You wan’t fries with that? Anyone who frequents restaurants is familiar with the concept of up-selling. It’s when the waitress asks you if you’d like to add something or upgrade your order. That’s an obvious example, but most of the times you probably don’t notice when you’re being up-sold. For example, if you order a vodka martini, a good bartender would say “sure, what kind vodka do you like?”. You may think they are being helpful, which they are, but they most likely have been trained to say that as an up-selling technique. Just by asking that question, you are much more likely to order a more expensive drink. When the bartender asks what your favorite vodka is, you are unlikely to say “whatever is cheapest”. You will either tell them your favorite brand, glance at the liquor shelf and pick one, or spurt out the first brand that comes to mind. This will automatically add a few dollars to the price of the drink. If this is done for every customer, by every bartender and server at the business, it could add up to hundreds of thousands of dollars at the end of the year.
Up-selling at restaurants is usually a win - win concept for the business and the customer. If the server is truthful and wants to be helpful, their suggestions can make your dining experience a pleasurable investment. Drinking a vodka martini with the cheapest ingredients will save you a couple of dollars, but so will chugging windex, and it will taste the same.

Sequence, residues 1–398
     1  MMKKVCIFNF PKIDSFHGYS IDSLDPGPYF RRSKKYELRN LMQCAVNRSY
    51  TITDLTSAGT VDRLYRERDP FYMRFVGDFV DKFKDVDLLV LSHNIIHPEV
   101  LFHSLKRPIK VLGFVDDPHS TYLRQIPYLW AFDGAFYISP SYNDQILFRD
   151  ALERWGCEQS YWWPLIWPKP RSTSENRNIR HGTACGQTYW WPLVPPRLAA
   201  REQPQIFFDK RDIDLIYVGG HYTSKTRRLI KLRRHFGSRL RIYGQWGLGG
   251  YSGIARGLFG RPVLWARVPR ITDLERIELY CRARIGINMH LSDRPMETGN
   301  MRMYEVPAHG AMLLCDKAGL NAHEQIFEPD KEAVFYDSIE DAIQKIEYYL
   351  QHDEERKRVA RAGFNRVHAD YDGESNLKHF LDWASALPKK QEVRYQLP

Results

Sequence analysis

There’s another tactic that resembles up-selling, but it immediately robs the customer of value in their purchase and can hurt the business in the long term. I call it “bluff-selling”. You’ve undoubtedly been “bluff-sold” before.
I’m writing this blog post because I was a victim of it yesterday.
I was at my local tire shop replacing a damaged tire. As I was paying they casually mentioned that they are adding a “protection plan” to my tire. Supposedly it “protects” me against defects, and if I get another hole in the tire I can bring it in and have it fixed for free. Now, I’m don’t know the statistics of how many people get a hole in their tire while driving next to the same place that they bought that tire, but I would guess that the chances of the “warranty” being a wise investment are minimal. The tire company knows this and that’s why they instruct their employees to add the cost to customers’ bills. This was a bluff-sell, but at least there was still a small chance of there actually being value in the added expense.
There are several other businesses which bluff-sell you items that return zero value. How often are you charged a “resort fee” at a hotel? They may tell you it’s covers your Wi-fi or free local calls, but they might as well be honest and just say, “it’s complete bullshit and we take your money simply because we can get away with it”.
Fortunately bluff-selling is an outdated way of doing business. As technology helps businesses become more transparent, success will favor those who provide value to consumers. There are finally repercussions to businesses and their employees who put a bad taste in the mouth of their customers, whether it be by bluff-selling or windex.